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1-2-3 rule for watering depth

The 1-2-3 rule is used to water plants based on their size, but we must bear in mind that this rule is a factor that determines the amount of water a plant needs. The rule 1-2-3 says that we have to water small plants such as groundcovers, cacti, and annuals to a depth of 1 foot (water grass to 10 inches). Water medium plants such as shrubs to a depth of 2 feet. Water large plants such as trees to a depth of 3 feet.

There are many factors that influence when determining the amount of water our plants need. Factors such as the type, size, age and general health of the plant all have an influence on the water demand of the plant. In fact, there is no general rule of thumb on how much water you should give your plant.

 

 

40 OUNCE SMALL GREEN PLASTIC WATERING CAN

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SEGOMO TOOLS 40 OUNCE WATERING CAN

Plants can only store a certain amount of water. If there is no more space, your plant cannot continue to absorb water. The substrate you choose partially determines the amount of water available to your plant. The water is transported from the roots to the leaves through the stem; This process is called perspiration flow. When the water reaches the leaves, it evaporates to make room for the roots to absorb new, nutrient-rich water. The evaporation of water through the leaves of the plant is stimulated by light, temperature, humidity and fresh air.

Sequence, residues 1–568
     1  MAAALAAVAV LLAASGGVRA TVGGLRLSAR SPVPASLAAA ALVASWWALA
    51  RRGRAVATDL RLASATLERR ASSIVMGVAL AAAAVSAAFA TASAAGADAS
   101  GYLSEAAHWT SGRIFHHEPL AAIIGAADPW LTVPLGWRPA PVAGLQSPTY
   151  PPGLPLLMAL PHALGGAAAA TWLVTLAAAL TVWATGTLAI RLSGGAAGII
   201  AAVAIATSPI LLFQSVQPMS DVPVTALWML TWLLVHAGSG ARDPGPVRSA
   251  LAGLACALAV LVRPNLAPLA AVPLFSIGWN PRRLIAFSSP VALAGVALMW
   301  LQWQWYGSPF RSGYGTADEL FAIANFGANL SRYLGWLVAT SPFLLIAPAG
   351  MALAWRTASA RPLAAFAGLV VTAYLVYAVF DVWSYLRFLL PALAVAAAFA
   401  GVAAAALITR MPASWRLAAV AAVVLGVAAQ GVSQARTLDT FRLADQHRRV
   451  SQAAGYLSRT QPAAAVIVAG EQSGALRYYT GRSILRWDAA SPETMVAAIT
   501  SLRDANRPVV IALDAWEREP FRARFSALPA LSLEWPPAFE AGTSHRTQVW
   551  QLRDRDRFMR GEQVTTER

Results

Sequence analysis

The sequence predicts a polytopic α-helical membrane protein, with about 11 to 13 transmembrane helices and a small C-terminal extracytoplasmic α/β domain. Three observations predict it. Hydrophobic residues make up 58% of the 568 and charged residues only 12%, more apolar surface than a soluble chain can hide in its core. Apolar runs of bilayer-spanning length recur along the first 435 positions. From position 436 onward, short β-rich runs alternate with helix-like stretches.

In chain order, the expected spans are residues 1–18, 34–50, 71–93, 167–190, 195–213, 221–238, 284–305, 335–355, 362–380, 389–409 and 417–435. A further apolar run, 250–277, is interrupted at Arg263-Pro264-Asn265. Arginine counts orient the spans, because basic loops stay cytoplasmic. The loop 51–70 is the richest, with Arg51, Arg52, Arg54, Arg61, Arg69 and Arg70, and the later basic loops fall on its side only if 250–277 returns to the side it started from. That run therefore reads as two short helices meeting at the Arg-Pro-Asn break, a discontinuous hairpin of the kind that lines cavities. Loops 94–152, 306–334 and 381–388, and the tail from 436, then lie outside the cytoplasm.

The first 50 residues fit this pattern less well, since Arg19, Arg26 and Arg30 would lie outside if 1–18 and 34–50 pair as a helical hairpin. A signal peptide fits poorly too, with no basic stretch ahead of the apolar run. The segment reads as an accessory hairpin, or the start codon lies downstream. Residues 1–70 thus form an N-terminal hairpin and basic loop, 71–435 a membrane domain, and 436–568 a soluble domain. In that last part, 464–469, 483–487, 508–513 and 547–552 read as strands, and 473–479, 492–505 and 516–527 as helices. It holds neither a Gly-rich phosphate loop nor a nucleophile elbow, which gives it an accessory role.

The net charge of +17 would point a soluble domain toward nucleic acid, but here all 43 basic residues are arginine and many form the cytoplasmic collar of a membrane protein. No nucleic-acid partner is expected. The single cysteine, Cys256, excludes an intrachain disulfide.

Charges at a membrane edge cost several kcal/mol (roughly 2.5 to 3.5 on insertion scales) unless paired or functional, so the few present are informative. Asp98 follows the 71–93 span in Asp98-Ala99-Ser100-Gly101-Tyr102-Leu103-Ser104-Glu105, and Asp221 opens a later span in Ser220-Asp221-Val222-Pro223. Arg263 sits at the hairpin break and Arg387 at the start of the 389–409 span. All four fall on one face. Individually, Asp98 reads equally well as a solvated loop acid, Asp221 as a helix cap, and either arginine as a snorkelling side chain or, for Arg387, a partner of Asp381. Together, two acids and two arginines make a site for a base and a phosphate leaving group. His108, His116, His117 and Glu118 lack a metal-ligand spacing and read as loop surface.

There are many factors that affect the demand for water by the plant. The type, size, age, and general health of the plant are all important factors. As a general rule of thumb, water your plants up to 5-10% of the pot's capacity. There are multiple ways to tell when it's time to water your plants. For example, you can use a soil moisture sensor. This sensor can be purchased very cheaply at any garden center.

40 OUNCE SMALL GREEN PLASTIC WATERING CAN

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Another option is to stick a finger in the ground. The top layer of the substrate will dry faster due to contact with air. It is possible to get a better idea of ​​the moisture in the soil a few inches below the surface. If the soil here is dry it is time to water the plants.

It is just as bad to give your plants too much water as it is to give them too little. To avoid supplying excess water, you can use a pot with holes in the bottom. This allows excess water to drain easily.

It is advisable to water your plant until water comes out of the hole in the pot. When you see that the water starts to come out, it means that it has reached the roots and that therefore that amount of water is adequate and sufficient.

For garden plants it is advisable to put water little by little and observe until the earth is wet. At that time we must stop so as to avoid flooding the plant.

 

40 OUNCE SMALL GREEN PLASTIC WATERING CAN

Sold out